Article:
THE British government and the political wing of the Irish Republican Army (IRA) have taken what may be an important step toward unblocking the Northern Ireland peace process.
Sir Patrick Mayhew, Britain's secretary for Northern Ireland, and Gerry Adams, president of Sinn Fein, held secret talks last Tuesday in Londonderry, the province's second-largest city, an Irish newspaper reported this weekend.
The news quickly earned the wrath of the British-ruled province's Protestant politicians, and Sinn Fein has since tempered its readiness to talk with the promise of street demonstrations in Belfast in coming days.
But former US Congressman Bruce Morrisson, leading a five-person Irish-American delegation to Northern Ireland, was reported to be delighted that Mr. Mayhew and Mr. Adams had met for what British sources later called fruitful exploratory discussions. The meeting was the second between Mayhew and Adams. The first, which was little more than a formal shaking of hands, was in May during a Washington conference on economic development in Northern Ireland.
When it became clear that important political questions were discussed at Tuesday's meeting, unionist members of Parliament, who favor maintaining union with Britain, expressed outrage.
William Ross, a parliamentary member of the Ulster Unionist Party (UUP), said, "It is clear that it was not only a secret meeting, but that it was intended that it be kept secret forever." David Trimble, another senior UUP member, said the meeting would "be seen by Sinn Fein as a sign of the British government's weakness." He added: "They will take it as a green light to apply pressure in the sure expectation that their demands will be met."
Details of the agenda for last week's secret exchanges seem unlikely to be released by either side, but there were indications from well-placed British sources that two items received detailed discussion.
Mayhew is believed to have reiterated his demand that the IRA agree to begin a process for decommissioning its weapons and explosives. Adams is believed to have pressed for the speedy transfer to the Irish Republic of 20 or more IRA prisoners currently in British jails.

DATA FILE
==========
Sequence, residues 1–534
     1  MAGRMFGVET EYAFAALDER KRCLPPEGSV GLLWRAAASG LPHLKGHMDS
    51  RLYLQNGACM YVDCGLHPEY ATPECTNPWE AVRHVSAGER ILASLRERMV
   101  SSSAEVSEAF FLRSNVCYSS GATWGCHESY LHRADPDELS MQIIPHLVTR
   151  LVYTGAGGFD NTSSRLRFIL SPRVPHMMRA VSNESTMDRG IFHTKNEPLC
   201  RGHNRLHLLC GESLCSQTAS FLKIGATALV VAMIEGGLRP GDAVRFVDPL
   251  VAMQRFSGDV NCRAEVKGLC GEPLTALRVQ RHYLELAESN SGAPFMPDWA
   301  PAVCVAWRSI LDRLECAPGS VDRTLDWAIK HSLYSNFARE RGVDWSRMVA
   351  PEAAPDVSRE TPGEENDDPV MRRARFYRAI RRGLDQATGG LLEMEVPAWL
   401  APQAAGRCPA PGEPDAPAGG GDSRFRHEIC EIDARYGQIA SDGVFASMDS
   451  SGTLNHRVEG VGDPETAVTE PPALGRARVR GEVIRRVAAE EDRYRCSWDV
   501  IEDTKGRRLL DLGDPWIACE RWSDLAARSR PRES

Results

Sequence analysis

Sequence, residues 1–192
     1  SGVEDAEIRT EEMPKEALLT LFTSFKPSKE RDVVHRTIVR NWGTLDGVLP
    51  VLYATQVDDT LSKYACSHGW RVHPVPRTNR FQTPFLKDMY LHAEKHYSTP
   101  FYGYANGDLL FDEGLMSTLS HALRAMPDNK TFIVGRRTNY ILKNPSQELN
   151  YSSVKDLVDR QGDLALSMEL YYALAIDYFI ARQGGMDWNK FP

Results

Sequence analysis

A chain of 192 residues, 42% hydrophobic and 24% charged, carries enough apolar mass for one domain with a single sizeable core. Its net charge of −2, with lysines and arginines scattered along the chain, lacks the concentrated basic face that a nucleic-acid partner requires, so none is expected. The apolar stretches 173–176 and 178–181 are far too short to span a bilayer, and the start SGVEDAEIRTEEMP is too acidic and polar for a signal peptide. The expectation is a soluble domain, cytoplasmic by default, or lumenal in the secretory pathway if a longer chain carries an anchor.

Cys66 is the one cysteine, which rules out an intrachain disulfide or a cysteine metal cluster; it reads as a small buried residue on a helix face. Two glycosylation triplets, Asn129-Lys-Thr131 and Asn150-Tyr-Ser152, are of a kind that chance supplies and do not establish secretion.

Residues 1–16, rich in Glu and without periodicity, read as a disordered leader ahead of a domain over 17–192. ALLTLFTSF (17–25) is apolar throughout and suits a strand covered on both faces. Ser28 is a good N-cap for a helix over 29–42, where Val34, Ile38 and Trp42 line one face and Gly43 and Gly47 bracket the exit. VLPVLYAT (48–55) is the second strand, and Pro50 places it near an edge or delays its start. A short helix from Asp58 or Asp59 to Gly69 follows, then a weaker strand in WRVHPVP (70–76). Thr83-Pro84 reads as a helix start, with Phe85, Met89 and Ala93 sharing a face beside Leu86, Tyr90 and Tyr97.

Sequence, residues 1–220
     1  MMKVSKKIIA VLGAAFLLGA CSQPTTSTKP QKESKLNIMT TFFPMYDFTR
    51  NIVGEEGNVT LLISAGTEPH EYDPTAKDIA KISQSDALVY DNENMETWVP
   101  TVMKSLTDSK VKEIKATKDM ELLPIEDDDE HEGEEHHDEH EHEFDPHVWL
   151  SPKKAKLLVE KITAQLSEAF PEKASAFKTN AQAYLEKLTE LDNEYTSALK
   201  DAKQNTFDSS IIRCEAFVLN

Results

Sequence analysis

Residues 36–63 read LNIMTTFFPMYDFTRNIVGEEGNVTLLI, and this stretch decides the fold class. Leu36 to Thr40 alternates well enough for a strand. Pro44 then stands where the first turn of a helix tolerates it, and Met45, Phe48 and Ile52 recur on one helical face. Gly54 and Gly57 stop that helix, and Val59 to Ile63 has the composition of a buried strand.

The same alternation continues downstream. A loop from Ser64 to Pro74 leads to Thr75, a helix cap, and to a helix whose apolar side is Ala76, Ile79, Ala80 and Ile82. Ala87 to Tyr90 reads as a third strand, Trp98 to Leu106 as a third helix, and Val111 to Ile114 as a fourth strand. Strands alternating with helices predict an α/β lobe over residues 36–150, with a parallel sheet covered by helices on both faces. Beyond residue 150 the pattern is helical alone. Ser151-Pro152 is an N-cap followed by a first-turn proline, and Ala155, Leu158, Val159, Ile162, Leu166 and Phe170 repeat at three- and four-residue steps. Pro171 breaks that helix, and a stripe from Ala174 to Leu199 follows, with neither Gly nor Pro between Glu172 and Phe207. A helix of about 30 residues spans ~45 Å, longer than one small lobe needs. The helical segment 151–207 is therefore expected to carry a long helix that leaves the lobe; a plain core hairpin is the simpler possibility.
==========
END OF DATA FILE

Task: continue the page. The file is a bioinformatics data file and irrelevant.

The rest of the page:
Last week the Irish Parliament ratified the European Convention on the Transfer of Sentenced Persons. This gives Dublin legal authority to detain prisoners for crimes committed in another jurisdiction.
As the peace process begun last August has continued to bog down in recent weeks, it has become clear to observers that a trade-off between British policy on IRA prisoners and the decommissioning of IRA weapons and explosives offers the best prospect for further progress.
Last week Britain agreed to move three IRA prisoners held at a jail in England back to Northern Ireland to serve the rest of their sentences. This will bring to 18 the number of terrorist prisoners moved to Northern Ireland, leaving 24 still in mainland Britain.
The problem of decommissioning weapons looks to be a tougher nut to crack, but interest has begun to focus on proposals that Mayhew is expected to outline to Dick Spring, the Irish foreign minister, in coming days. The plan is reported to contain suggestions for setting up a commission to supervise the destruction of weapons held by IRA and Protestant paramilitary units.
There have been suggestions that the commission could include US or Canadian officials. The presence of former congressman Morrison in Belfast was seen as a hopeful sign. Last year Morrison, who is close to President Clinton, played a key part in precipitating the IRA cease-fire.